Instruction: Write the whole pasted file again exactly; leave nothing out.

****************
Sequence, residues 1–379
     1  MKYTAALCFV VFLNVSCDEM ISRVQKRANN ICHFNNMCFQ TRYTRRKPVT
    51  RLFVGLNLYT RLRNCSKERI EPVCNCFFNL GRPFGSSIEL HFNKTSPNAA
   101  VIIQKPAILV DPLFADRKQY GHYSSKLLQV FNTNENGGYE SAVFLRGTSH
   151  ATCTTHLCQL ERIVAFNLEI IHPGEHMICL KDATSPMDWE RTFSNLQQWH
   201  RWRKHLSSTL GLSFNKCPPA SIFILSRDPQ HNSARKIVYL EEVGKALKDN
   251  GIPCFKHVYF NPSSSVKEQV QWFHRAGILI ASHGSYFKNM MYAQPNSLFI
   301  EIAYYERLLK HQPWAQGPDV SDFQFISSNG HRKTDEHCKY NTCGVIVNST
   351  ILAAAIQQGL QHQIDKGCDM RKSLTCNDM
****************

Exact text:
Sequence, residues 1–379
     1  MKYTAALCFV VFLNVSCDEM ISRVQKRANN ICHFNNMCFQ TRYTRRKPVT
    51  RLFVGLNLYT RLRNCSKERI EPVCNCFFNL GRPFGSSIEL HFNKTSPNAA
   101  VIIQKPAILV DPLFADRKQY GHYSSKLLQV FNTNENGGYE SAVFLRGTSH
   151  ATCTTHLCQL ERIVAFNLEI IHPGEHMICL KDATSPMDWE RTFSNLQQWH
   201  RWRKHLSSTL GLSFNKCPPA SIFILSRDPQ HNSARKIVYL EEVGKALKDN
   251  GIPCFKHVYF NPSSSVKEQV QWFHRAGILI ASHGSYFKNM MYAQPNSLFI
   301  EIAYYERLLK HQPWAQGPDV SDFQFISSNG HRKTDEHCKY NTCGVIVNST
   351  ILAAAIQQGL QHQIDKGCDM RKSLTCNDM